Is Shading Your AC Unit Worth It?
You’ve invested a lot of money in your air conditioning system to shield you and your family from Georgia’s hot summers. One simple way to protect that investment is to shade the area around the compressor to lower the outdoor temperature and reduce wear and tear on the system, helping to keep it humming smoothly for years to come. Although shading your AC unit is definitely worthwhile, there’s a right and wrong way to go about it. Learn why shading your AC compressor is a great idea and how doing it properly will avoid damaging the system.
Why Shading Your Air Conditioner Can Increase Its Efficiency
Planting trees to shade your air conditioner can make the unit 10 percent more efficient, according to the U.S. Department of Energy. Planting just three trees in strategic areas near the compressor and large windows that let heat stream in can reduce your annual cooling costs by $100 to $250 depending on the size of your cooling unit.
Shade trees keep outdoor temperatures down by cooling the air around them and blocking unrelenting sunlight from heating the ground. After a long day of absorbing heat, the ground releases it into the air and makes your air conditioner work harder than it needs to. It’s even more cost effective to shade your air conditioner if you live in a brick or stucco home that endures an endless cycle of absorbing and releasing heat near your compressor. Consider planting trees, shrubs, and installing an awning over the compressor to shield it from temperature extremes.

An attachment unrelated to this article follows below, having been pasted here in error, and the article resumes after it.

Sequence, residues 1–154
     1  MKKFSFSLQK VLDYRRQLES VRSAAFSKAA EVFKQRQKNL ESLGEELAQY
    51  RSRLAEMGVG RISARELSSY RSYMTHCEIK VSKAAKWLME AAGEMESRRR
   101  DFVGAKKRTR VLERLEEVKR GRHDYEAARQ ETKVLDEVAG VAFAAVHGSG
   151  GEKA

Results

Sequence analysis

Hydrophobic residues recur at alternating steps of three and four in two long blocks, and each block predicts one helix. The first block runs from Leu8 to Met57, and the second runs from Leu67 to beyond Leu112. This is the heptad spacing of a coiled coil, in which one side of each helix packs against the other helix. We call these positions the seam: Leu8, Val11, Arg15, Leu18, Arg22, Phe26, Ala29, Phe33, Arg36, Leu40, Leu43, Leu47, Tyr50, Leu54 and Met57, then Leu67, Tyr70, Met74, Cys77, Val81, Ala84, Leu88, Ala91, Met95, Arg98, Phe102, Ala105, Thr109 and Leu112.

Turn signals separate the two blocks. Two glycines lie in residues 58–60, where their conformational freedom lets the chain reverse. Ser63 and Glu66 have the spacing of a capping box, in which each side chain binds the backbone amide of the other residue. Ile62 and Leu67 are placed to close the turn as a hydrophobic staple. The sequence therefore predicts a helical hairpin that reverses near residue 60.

What Trees Should I Plant Near My AC?
If your air conditioner is on the south side of your home, plant trees that will grow tall and provide a wide, spread-out canopy to offer maximum shade. If the compressor is on the west, east, or north side of your home, six to eight-foot deciduous trees are a great choice to provide shade to your cooling unit within one year of planting. If you’re in the market for a new AC unit, place it on the north side of your home, if possible, since this location will provide maximum protection to your system.
In addition to planting trees and shrubs near the compressor, consider placing awnings over large south-facing windows and shading sidewalks, patios, and paved walkways to reduce heat transfer. However, when planting any kind of tree or shrub near your compressor, make sure you don’t encroach too closely on the unit by blocking its air intake. Blocking the air intake will make your compressor work harder than it needs to and eventually will cause the system to break down.
Contact the Professionals at Conditioned Air for Air Conditioner Advice
Shading your air conditioner will increase its efficiency, add years to its longevity, and save you money on cooling costs. If you’d like to learn more about choosing the right trees and plants to shade your compressor or to ensure you’re planting them in the most strategic location, contact the experts at Conditioned Air, Inc. Our team can help you find the best solutions to shade your compressor to keep it effectively cooling your Macon home for years to come.